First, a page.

I am delighted to be this week’s guest on Joan Garry’s podcast “Nonprofits are Messy” on the topic “leadership transitions, how to avoid the mess.” Join us for a lively discussion that covers:
- Recent trends in leadership transitions in the nonprofit sector
- How to create a WRITTEN succession plan (and why it’s critical)
- The single biggest mistake boards make in succession planning
- The three things a board needs to do when confronted with a transition
- Pros and cons of hiring internal candidates
- What to do if you think you made the wrong hire
Here’s the link: Leadership Transitions: How to Avoid the Mess
Continue Reading »
There are two pervasive myths – false assumptions – that are holding back the development of leaders in the nonprofit sector.
The first myth is that leader development is too complicated and too expensive, which makes it the exclusive domain of the “big guys.” In other words, it’s for those mythic “other” nonprofits. You know, the ones with unlimited resources, lots of staff and plenty of time to do things… Just, not us.
The second myth is that organizations develop leaders. Behind this myth is the idea that leader development is something that the organization provides or does to its people. Unfortunately, this myth is causing many people to postpone leadership development actions that they could be taking today because they’ve bought into the false belief that it’s up to their organization to provide some sort of program or send them to a course that will magically turn them into a leader.
This case study interview dispels both of those myths. We will be talking with Allison Bogdanovic, who is executive director of Virginia Supportive Housing (virginiasupportivehousing.org) in Richmond, Virginia.
Allison was an internal candidate who was promoted to the CEO position in 2013 after a competitive search process that involved internal and external candidates. Allison shares her experience of developing as an emerging leader, her perspective on the hiring process, and the realities of transitioning from a senior leader into the CEO role.
Whether you’re a CEO or senior manager who wants to do a better job of developing leaders in your nonprofit, or you are a nonprofit staff member who wants to move up the career ladder, Allison shares wisdom and insights that can help you.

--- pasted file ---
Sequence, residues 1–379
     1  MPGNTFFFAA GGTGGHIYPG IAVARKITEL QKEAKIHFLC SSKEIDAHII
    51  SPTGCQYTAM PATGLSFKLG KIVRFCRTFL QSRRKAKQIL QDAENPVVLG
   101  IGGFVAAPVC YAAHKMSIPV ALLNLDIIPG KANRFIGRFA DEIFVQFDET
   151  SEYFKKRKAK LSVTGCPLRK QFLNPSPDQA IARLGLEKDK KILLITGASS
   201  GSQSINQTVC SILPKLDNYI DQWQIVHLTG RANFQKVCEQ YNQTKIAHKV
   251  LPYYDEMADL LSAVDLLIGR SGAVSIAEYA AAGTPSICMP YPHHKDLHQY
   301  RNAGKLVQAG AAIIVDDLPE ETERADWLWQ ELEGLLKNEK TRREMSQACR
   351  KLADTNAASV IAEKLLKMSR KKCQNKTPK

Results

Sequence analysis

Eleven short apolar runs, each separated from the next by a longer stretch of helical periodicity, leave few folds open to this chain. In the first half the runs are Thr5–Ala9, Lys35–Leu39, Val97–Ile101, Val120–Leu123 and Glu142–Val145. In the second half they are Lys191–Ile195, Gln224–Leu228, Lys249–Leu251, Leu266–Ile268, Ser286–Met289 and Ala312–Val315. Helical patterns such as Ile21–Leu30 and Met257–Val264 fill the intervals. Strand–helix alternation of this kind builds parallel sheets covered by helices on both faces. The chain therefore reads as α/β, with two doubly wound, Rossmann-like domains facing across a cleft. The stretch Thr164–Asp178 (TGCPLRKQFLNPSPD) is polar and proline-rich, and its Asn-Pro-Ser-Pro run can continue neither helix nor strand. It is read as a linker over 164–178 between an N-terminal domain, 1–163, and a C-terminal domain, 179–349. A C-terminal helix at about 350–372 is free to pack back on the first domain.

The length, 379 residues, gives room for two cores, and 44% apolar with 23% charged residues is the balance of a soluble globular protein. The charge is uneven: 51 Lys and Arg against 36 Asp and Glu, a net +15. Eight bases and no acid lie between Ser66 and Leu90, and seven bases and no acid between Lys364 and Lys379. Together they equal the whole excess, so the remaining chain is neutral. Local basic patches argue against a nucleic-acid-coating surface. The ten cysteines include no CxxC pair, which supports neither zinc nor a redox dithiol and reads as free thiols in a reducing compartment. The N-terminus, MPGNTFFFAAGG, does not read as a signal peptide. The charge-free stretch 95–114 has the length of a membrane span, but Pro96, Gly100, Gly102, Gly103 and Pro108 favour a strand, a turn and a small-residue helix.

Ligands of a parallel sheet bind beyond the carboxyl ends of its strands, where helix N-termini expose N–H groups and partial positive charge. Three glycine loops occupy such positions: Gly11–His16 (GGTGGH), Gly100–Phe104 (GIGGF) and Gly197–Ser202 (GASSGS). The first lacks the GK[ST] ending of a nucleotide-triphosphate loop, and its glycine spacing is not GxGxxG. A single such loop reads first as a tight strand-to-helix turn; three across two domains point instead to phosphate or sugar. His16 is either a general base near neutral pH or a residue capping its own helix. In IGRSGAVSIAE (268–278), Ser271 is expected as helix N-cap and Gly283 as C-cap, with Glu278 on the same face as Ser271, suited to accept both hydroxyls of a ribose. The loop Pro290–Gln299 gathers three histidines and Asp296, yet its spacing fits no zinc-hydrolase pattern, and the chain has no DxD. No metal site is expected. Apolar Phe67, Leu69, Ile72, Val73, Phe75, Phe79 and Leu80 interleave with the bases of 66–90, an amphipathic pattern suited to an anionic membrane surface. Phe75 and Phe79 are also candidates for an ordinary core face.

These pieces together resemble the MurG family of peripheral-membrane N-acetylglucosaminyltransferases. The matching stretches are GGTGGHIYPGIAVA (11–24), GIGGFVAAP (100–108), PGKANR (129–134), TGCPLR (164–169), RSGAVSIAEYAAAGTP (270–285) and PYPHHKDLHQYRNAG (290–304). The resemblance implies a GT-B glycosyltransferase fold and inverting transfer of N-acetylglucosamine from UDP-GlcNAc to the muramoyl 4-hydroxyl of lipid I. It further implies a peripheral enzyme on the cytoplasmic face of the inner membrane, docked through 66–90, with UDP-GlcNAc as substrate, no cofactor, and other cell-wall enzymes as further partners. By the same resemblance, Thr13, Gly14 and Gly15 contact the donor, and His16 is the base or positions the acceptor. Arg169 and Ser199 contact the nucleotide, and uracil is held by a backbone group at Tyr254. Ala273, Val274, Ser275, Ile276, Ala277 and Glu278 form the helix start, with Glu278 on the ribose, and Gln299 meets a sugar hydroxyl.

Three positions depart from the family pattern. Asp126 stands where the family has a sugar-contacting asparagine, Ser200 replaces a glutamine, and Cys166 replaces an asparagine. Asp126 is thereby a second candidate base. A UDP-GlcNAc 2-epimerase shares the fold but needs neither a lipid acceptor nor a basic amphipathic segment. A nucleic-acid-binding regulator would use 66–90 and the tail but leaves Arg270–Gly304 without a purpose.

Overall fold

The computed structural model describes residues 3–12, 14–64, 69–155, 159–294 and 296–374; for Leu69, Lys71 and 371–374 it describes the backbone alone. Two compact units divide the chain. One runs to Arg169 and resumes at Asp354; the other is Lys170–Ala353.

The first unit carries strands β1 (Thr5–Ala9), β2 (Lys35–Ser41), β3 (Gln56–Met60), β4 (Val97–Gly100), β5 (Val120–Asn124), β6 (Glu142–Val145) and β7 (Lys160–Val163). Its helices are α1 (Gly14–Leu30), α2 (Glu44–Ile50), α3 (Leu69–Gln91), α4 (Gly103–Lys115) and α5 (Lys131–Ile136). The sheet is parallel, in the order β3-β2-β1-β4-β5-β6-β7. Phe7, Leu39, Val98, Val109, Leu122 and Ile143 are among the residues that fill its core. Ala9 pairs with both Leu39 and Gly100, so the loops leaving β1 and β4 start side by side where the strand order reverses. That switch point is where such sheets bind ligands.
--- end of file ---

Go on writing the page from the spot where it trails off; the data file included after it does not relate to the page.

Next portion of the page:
Many thanks to Allison and the folks at Virginia Supportive Housing for sharing their experience with us. To learn more about Virginia Supportive Housing, please visit virginiasupportivehousing.org.
Below is a guide to the topics covered in this case study.
Continue Reading »
Welcome to Episode #1 of Exits From the Top. This is a short welcome to the Exits From the Top podcast and YouTube channel and overview of future episodes. Our goal is to help soon-to-retire executives to take charge of their exits and prepare themselves and their organizations to thrive in life’s next chapter.
Watch the Video Version
What We Cover
The episodes are going to be organized around four themes.
- Strengthening the organization before and during the leadership transition. We will start off with a series of six interviews with national thought leaders who are experts in various aspects of organizational sustainability and capacity building.
- Succession tools and strategies. We will continue the interviews with subject matter experts and cover topics ranging from late career salary negotiations to managing transition communications. And many more nuts and bolts topics like that.
- Preparing for life’s next chapter. This series will look at life on the other side of the retirement threshold, covering topics such as creating a magnetic post-career project – something that draws you into life’s next chapter. And many other post-career lifestyle topics.
- Succession Stories. This will be an ongoing series of voice of experience interviews with colleagues – former executives who have made the transition to post-career life. They’ll be sharing with us succession and transition tips as well as advice about life beyond the leadership role.
We hope that you find Exits From The Top to be more than just a podcast – that it’s a master course on executive succession planning.
Ask a Question
Feel free to ask a question by clicking here.
Please feel free to use the links below to share this episode with colleagues via email, Facebook, Twitter or LinkedIn.
In 2011 we witnessed the beginning of a major social phenomenon that received very little attention in the media — the leading edge of the Baby Boom generation began to turn 65, the traditional age for retirement. This age cohort, born in the 19 years between 1946 and 1964, added nearly 80 million* residents to the US population. By contrast, the 19 years following the “Boomer generation” saw only 66 million births, including the 12 years between 1965 and 1976 that are commonly characterized as the “Baby Bust.”
Continue Reading »